Recent Publication (2021)
Review of Current COVID-19 Diagnostics and Opportunities for Further Development.
Yan Mardian, Herman Kosasih, Muhammad Karyana, Aaron Neal, Chuen-Yen Lau. Frontiers in Medicine. May 2021.
Diagnostic testing plays a critical role in addressing the coronavirus disease 2019 (COVID-19) pandemic, caused by Severe Acute Respiratory Syndrome Coronavirus 2 (SARS-CoV-2). Rapid and accurate diagnostic tests are imperative for identifying and managing infected individuals, contact tracing, epidemiologic characterization, and public health decision making. Laboratory testing may be performed based on symptomatic presentation or for screening of asymptomatic people. Confirmation of SARS-CoV-2 infection is typically by nucleic acid amplification tests (NAAT), which requires specialized equipment and training and may be particularly challenging in resource-limited settings. NAAT may give false-negative results due to timing of sample collection relative to infection, improper sampling of respiratory specimens, inadequate preservation of samples, and technical limitations; false-positives may occur due to technical errors, particularly contamination during the manual real-time polymerase chain reaction (RT-PCR) process. Thus, clinical presentation, contact history and contemporary phyloepidemiology must be considered when interpreting results. Several sample-to-answer platforms, including high-throughput systems and Point of Care (PoC) assays, have been developed to increase testing capacity and decrease technical errors. Alternatives to RT-PCR assay, such as other RNA detection methods and antigen tests may be appropriate for certain situations, such as resource-limited settings. While sequencing is important to monitor on-going evolution of the SARS-CoV-2 genome, antibody assays are useful for epidemiologic purposes. The ever-expanding assortment of tests, with varying clinical utility, performance requirements, and limitations, merits comparative evaluation. We herein provide a comprehensive review of currently available COVID-19 diagnostics, exploring their pros and cons as well as appropriate indications. Strategies to further optimize safety, speed, and ease of SARS-CoV-2 testing without compromising accuracy are suggested. Access to scalable diagnostic tools and continued technologic advances, including machine learning and smartphone integration, will facilitate control of the current pandemic as well as preparedness for the next one.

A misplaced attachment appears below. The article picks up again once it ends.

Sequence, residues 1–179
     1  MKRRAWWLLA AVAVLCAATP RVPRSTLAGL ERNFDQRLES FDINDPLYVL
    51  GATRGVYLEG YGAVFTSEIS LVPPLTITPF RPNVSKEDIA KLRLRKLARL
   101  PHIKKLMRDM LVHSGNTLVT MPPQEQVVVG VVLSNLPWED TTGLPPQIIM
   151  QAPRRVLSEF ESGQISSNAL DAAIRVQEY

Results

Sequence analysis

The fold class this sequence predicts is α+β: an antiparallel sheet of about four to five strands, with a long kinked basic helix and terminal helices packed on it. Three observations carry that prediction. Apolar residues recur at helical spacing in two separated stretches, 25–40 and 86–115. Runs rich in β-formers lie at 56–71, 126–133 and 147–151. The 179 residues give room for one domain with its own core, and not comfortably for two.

Complete article: https://doi.org/10.3389/fmed.2021.615099
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